The last “guitar hero” of the Roaring Twenties of rock retraces in a superb disc the moments of his career. His lifelong fan, Bernard Géniès, confessed it in Milan.
At 20 and a little, he was called God. At the time, it is true, the rock world had a sense of etiquette and its Olympus was populated by a swarm of guitar heroes, “kings”, “princes”, “angels”. The legend did not last very long. The cherubs took on wrinkles and bellies, others disappeared, struck down in full glory. And God in all this? After a meteoric career with bands like the Yardbirds, John Mayall’s Bluesbreakers and above all, Cream, he ended up falling on his head in the early 1970s.
Alcohol. Dope. The usual “crowning” cocktail of a rocker career. With one detail, however: this one had a real religion. The religion of the blues. That’s probably what saved him. A series of more or less successful solo albums allowed him to get back on the rock and roll bandwagon. World tours, charity concerts followed one another, with a few titles in the charts. Last December, he gave a series of twenty-four concerts at the Albert Hall in London. The best moments of these concerts have been collected in a double album, “24 Nights”. A way for the master to revisit his own story, between “Sunshine of Your Love”, “White Room” or “Edge of Darkness”.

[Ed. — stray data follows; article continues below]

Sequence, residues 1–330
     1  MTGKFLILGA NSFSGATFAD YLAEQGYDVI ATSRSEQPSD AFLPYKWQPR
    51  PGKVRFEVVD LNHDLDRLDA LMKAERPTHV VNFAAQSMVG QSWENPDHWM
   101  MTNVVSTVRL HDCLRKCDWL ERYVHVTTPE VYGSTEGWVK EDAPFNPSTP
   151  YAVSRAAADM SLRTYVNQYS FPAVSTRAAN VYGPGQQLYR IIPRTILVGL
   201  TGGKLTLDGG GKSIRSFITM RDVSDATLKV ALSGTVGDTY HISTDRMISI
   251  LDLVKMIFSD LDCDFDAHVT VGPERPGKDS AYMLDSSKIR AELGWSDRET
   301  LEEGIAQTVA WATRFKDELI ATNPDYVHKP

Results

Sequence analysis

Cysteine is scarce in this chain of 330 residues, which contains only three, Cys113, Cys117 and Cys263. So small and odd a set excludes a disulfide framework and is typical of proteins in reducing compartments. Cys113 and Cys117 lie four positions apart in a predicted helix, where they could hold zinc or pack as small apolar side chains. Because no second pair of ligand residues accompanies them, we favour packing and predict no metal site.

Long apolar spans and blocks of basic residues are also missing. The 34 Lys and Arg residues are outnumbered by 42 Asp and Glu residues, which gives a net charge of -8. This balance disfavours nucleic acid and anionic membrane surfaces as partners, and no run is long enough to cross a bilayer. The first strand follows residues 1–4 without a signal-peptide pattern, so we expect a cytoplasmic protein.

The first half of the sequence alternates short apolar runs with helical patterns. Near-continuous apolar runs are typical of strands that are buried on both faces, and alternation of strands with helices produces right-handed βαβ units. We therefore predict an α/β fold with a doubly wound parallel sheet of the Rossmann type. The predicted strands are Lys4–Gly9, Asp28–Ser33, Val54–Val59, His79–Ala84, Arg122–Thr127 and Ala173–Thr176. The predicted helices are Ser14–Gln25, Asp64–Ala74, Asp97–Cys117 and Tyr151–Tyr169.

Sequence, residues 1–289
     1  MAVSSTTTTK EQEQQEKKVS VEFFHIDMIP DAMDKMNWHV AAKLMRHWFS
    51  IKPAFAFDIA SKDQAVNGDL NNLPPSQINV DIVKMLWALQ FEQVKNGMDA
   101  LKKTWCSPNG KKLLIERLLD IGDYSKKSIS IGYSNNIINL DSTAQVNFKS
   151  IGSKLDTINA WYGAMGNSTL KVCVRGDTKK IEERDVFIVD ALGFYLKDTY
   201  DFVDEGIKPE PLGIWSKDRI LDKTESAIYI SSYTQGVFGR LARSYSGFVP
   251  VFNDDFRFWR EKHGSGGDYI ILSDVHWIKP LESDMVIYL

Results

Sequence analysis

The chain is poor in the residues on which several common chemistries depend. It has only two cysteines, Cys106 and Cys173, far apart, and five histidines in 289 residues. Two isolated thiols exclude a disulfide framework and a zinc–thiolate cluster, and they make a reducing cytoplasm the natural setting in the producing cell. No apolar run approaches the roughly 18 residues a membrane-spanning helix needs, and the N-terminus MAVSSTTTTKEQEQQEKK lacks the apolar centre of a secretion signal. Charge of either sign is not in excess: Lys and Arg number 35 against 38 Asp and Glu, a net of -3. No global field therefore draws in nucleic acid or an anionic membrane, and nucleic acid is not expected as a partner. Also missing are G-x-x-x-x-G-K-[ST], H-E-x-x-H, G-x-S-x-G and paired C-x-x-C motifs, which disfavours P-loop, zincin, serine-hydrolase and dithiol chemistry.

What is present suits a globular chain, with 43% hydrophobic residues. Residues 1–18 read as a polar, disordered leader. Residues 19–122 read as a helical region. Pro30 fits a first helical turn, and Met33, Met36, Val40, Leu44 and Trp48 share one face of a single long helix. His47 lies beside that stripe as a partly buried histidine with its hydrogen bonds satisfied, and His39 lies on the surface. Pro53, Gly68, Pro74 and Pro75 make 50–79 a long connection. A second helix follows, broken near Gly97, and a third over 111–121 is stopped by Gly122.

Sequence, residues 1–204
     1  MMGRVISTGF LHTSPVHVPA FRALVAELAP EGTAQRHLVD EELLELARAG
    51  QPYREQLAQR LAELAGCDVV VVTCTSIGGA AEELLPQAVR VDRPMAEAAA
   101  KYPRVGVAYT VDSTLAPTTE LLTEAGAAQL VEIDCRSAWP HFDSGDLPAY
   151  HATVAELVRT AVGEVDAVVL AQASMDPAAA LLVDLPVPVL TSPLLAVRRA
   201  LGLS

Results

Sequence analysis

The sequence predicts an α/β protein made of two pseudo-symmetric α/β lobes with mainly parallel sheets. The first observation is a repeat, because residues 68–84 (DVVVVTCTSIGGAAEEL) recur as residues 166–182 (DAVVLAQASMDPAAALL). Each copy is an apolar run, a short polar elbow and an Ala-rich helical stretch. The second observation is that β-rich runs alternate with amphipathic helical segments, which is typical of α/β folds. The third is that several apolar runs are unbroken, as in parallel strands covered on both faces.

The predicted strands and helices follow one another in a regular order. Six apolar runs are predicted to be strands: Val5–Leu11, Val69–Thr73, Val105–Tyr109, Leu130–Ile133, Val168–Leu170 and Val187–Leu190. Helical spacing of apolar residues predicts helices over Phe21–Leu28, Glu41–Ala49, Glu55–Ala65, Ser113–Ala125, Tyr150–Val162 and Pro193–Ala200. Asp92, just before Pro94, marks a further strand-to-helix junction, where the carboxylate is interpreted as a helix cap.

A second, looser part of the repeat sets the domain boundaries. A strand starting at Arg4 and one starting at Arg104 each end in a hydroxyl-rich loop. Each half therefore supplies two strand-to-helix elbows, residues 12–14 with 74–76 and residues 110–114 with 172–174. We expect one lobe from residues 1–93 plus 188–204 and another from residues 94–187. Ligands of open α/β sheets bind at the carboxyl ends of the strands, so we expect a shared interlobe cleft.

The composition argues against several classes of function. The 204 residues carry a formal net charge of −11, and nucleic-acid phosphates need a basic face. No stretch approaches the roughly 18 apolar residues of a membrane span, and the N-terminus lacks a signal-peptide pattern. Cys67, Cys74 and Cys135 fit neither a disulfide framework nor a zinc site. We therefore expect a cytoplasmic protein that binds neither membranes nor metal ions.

Magical ! It’s really magical
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